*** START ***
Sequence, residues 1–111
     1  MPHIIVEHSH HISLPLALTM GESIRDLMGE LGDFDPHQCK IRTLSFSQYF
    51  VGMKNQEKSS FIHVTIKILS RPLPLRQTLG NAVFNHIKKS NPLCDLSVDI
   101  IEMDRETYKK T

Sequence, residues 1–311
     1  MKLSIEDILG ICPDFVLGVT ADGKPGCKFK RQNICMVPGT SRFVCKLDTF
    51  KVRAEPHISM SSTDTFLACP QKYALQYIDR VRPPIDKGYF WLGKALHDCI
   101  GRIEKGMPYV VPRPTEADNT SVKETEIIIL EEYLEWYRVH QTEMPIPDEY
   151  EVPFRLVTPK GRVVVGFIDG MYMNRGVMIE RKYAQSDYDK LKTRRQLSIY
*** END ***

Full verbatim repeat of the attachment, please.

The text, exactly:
Sequence, residues 1–111
     1  MPHIIVEHSH HISLPLALTM GESIRDLMGE LGDFDPHQCK IRTLSFSQYF
    51  VGMKNQEKSS FIHVTIKILS RPLPLRQTLG NAVFNHIKKS NPLCDLSVDI
   101  IEMDRETYKK T

Sequence, residues 1–311
     1  MKLSIEDILG ICPDFVLGVT ADGKPGCKFK RQNICMVPGT SRFVCKLDTF
    51  KVRAEPHISM SSTDTFLACP QKYALQYIDR VRPPIDKGYF WLGKALHDCI
   101  GRIEKGMPYV VPRPTEADNT SVKETEIIIL EEYLEWYRVH QTEMPIPDEY
   151  EVPFRLVTPK GRVVVGFIDG MYMNRGVMIE RKYAQSDYDK LKTRRQLSIY